Is Procrastination Good for Your Creativity?

Procrastinate and enjoy it

Are you familiar with the habit of waiting until the last minute to finish a project? Are you suddenly more willing to clean the house when you have a big deadline approaching? You want to go outside and have fun. Do you feel the urge to read several inspiring articles before you start working on that project? Or maybe do a Netflix binge?

I know this feeling, and when I was younger my room was always very clean and organised when exams were coming up.

Some people are like this while others are better at starting right away and work on a project at a steady pace and finish in no rush.

But how are those two approaches to finish a project different regarding creativity? Which one is better for your creativity?

The difference between a procrastinator’s brain and a non-procrastinator’s brain

Before we talk about whether it is better to procrastinate or not for increased creativity let’s procrastinate a bit and look at pictures of two brains, one of a procrastinator and the other one of a non-procrastinator. These fun pictures are from Tim Urban, he wrote a great article called Why Procrastinators Procrastinate with these illustrating pictures.

Here you can see the pictures he drew to illustrate the difference of a brain behind the two different approaches to finish a project:

 

Non-procrastinator's brain

 

Procrastinator's brain

 

As you can see, the difference is the instant gratification monkey.

Many don’t like it that they procrastinate big projects, they wish they had the discipline to do things that make sense and think long term. But when we look at creativity, does this instant gratification monkey influence people’s creativity in a good way or a bad way?

The good news is that based on a study it can actually be very good to have an instant gratification monkey in your brain that encourages you to procrastinate. The monkey is doing a great job increasing people’s creativity, well, when it is not in too much control.

The results of a study on creativity and procrastination

Adam Grant, is the author of the book called Originals and he is a professor at the Wharton School of Business. Jihae Shin was Grant’s student and she conducted a survey where students were divided into two groups, both groups were asked to write a business proposal, but one group was asked to procrastinate and start the ideation later while the other group was asked to do it right away.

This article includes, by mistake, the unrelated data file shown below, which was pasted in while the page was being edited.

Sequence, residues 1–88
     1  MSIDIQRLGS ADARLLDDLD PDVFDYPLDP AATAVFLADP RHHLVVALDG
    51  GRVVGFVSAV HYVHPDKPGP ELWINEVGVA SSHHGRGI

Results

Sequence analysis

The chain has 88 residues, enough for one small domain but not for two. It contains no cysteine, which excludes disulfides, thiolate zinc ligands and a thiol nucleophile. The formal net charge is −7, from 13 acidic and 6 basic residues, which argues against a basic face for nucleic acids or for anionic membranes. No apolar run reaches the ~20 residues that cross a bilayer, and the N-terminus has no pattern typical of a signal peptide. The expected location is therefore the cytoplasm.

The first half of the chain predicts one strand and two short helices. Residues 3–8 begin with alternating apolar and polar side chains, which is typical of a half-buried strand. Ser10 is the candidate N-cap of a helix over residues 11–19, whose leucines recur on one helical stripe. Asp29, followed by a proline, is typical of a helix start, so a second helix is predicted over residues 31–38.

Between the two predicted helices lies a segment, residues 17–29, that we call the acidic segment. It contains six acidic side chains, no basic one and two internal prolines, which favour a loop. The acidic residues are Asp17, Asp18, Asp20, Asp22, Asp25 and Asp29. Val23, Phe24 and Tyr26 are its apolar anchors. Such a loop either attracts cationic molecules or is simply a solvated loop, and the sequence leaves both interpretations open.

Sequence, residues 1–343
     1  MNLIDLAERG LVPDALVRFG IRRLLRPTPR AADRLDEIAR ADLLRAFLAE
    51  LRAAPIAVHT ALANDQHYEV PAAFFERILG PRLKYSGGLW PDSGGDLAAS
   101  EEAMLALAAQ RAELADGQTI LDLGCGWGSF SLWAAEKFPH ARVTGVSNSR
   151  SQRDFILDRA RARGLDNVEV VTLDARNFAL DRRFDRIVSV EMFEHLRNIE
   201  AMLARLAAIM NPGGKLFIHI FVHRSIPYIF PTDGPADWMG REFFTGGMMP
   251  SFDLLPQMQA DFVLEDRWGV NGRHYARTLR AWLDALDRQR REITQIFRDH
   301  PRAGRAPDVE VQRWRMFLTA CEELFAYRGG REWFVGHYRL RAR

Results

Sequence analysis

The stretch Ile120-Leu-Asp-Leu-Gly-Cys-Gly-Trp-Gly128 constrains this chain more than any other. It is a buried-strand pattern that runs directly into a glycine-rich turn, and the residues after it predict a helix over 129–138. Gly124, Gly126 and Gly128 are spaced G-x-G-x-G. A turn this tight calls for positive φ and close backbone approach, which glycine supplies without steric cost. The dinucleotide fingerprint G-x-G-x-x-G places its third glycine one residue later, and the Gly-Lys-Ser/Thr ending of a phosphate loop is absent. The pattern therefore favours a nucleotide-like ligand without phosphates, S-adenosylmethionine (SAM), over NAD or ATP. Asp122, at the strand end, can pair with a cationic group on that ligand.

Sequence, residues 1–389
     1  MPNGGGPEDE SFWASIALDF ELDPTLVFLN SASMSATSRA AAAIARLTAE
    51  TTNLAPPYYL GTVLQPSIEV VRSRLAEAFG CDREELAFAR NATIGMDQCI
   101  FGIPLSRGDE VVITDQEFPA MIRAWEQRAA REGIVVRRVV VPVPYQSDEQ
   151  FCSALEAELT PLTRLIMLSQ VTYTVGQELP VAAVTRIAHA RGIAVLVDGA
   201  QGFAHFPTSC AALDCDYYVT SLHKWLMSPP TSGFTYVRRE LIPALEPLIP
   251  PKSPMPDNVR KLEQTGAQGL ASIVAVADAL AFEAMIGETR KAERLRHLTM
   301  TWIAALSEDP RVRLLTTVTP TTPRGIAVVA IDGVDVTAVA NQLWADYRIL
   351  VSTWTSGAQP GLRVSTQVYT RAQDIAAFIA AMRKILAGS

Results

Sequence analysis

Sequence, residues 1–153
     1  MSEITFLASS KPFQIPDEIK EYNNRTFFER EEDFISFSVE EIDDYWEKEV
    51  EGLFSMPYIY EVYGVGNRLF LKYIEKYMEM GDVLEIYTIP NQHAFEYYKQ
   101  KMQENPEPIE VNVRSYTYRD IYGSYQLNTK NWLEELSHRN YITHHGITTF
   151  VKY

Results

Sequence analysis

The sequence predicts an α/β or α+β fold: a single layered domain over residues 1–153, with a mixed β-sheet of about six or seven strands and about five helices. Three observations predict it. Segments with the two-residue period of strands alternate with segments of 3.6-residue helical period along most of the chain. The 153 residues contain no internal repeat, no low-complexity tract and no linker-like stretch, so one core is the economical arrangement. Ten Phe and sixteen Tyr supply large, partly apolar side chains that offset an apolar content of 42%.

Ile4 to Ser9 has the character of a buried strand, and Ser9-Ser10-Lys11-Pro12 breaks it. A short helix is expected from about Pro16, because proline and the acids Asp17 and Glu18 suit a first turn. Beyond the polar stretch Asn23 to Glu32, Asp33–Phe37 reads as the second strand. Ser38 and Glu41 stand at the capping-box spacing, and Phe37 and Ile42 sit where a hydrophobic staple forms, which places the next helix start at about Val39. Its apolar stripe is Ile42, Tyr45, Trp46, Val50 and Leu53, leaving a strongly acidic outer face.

The proposals were evaluated based on their creativity and the results were that the procrastinators group was found to be 28% more creative.

This study was followed up by an experiment where participants were asked to come up with a business idea and some participants were asked to play a video game before they started generating ideas while others were asked to start right away.

The ones who procrastinated after knowing about the project of coming up with a business idea were more creative than the other group who started right away. The key is to know what you want to do, in this case come up with a business idea, before you start procrastinating.

Our initial thoughts are often the most conventional ones, but procrastination gives space for a person’s mind to wander, and that can lead to more creative ideas.

As Grant puts it:

Procrastination gives you time to consider divergent ideas, to think in nonlinear ways, to make unexpected leaps.

However, it is not good to procrastinate too much. Grant talks about this in his TED talk and he mentions that even though it is not good to race into a project as soon as possible it is not good to wait until the very last minute either, there is this sweet spot in between.

How to procrastinate successfully?

Now that you know that procrastination can actually be a very good thing for your creativity you might be thinking how to procrastinate successfully.

On wikiHow, you can find a list of 11 things to keep in mind when you are procrastinating.

I like number 11 the most, it is as follows:

“Don’t worry. If you spend all your time worrying about the work you haven’t done, then you aren’t enjoying your procrastination and you’re missing the point of productively introducing procrastination into your life. Just let your mind rest, clear it of worries, and focus on enjoying the distractions. Work is only as serious as you make it. Procrastination lets you enjoy the little things in life that would otherwise pass you by. The grass is greener, the clouds are fluffier, and Seagal’s boots are just a little bit more blood-soaked.”

So now you know that procrastination can actually be a good thing and you are allowed to enjoy it :)

About Birna Birgisdóttir

Birna Birgisdóttir is a Ph.D candidate, researching creativity and servant leadership. She enjoys learning new things and has a M.Sc. in International Business, B.Sc. in Business Administration, diploma in Human Resource Management and she is an Executive Coach as well as NLP Practitioner.

Birna loves new adventures; has travelled the world, scuba dived in Mexico, skydived in Las Vegas, surfed in Australia, meditated in India and climbed the highest peak in Iceland.

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